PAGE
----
||New York, NY - St. Nicholas Bank $1 May 10, 1862 NY-1900 G2b. PCGS Fine 15. This is one of the more popular Santa Claus notes, combining the Durand Type II Santa Claus vignette at the right oval with the appropriate title. Engraved and printed by Rawdon, Wright, Hatch & Edson, New-York, this slightly later plate has the "ABC" monogram well concealed in the field at the upper right. A New York bank with an evocative title, the Saint Nicholas Bank was in business under this banner from 1852 until 1865 when it converted into the Saint Nicholas National Bank of New York (Charter #972). The bank was eventually liquidated on Dec. 30, 1882. There were a number of different businesses in New York at the time using the Saint Nicholas name, including an insurance company. The Saint Nicholas Bank emitted one series of notes, but with imprint variants, and all but the $100 denomination included a RWHE Santa Claus vignette of some sort. The RWHE Type II Santa Claus vignette is not clearly defined for its artistry by Roger H. Durand. The engraver may be Freeman Rawdon, George W. Hatch, or James P. Major, but the records with that information, if they exist, are not known. The note has a nicely balanced layout with the Gothic bank title across the center and the St. Nicholas Hotel vignette, engraved for this title, above. At the far left is Peter Stuyvesant (1592-1672), an important figure in New York City history, and this portrait also appears on the Central Bank, New Ulm, Minnesota $1 proof in this sale. Underneath the portrait is the New York Bank Seal. The oval vignette at the far right shows Santa Claus with a present-filled sack on his back. With his back to us, he turns his head as if interrupted while filling stockings, and makes the famous gesture of "laying his finger aside of his nose" as in the poem by Clement Clark Moore. A cat stands by aloofly. The red protector ONE runs across the bottom center. This was fully signed, dated and issued, but was Hole Punch Cancelled to prevent redemption. Most are cancelled in this manner, but this is a superior example as often the red penned officer's signatures bleed out from dampness. One might surmise that the successor National Bank or, upon its closing, retired officials, had saved these $1 notes, perhaps to pass out to important clients. Any other issued note denomination from the bank is exceedingly rare. We believe less than a half-dozen are known, and that thought could be liberal. Trimmed closely, and there is an ink streak at the lower left on the Bank Seal. An excellent example of this crowd pleaser that has been a four-figure note for a long time. Ex: Eric P. Newman Numismatic Education Society.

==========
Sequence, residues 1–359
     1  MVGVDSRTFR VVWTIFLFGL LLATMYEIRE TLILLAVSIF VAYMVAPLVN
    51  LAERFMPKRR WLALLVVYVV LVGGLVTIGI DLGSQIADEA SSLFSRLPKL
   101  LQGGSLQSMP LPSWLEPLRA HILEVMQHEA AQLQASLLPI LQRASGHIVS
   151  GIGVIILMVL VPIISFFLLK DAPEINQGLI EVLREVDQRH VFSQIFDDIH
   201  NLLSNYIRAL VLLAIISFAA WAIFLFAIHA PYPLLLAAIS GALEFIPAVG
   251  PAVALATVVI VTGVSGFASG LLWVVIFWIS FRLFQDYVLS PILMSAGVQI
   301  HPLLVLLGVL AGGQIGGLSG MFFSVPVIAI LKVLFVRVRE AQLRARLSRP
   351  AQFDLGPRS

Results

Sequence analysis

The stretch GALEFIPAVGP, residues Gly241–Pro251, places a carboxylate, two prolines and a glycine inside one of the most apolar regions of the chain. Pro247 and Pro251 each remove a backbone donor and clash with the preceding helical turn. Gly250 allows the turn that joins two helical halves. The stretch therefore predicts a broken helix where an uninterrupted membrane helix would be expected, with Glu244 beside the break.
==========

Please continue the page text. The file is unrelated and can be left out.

Realized $3,290.00. Newman VI (Heritage Auctions, 4/2015), lot 19265. Description courtesy of Heritage Auctions.